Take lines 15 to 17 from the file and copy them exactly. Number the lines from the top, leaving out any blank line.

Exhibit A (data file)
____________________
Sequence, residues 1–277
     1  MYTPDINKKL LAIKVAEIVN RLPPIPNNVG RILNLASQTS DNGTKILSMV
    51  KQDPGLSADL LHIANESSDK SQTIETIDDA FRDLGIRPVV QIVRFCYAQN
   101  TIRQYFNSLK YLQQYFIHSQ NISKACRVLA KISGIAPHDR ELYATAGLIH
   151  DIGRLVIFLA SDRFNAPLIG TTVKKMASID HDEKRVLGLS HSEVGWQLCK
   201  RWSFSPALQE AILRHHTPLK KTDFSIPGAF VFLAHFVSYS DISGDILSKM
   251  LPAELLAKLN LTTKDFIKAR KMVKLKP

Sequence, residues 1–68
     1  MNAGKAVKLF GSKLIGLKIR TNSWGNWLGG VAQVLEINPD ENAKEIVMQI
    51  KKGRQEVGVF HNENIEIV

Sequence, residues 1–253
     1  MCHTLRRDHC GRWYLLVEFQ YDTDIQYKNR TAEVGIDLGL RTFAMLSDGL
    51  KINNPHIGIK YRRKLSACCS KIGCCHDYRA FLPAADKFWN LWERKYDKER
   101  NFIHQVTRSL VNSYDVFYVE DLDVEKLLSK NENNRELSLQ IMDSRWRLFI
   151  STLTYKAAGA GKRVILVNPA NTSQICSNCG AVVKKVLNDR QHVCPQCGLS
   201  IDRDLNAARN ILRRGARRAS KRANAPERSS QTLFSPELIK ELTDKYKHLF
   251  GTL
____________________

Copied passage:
   151  STLTYKAAGA GKRVILVNPA NTSQICSNCG AVVKKVLNDR QHVCPQCGLS
   201  IDRDLNAARN ILRRGARRAS KRANAPERSS QTLFSPELIK ELTDKYKHLF
   251  GTL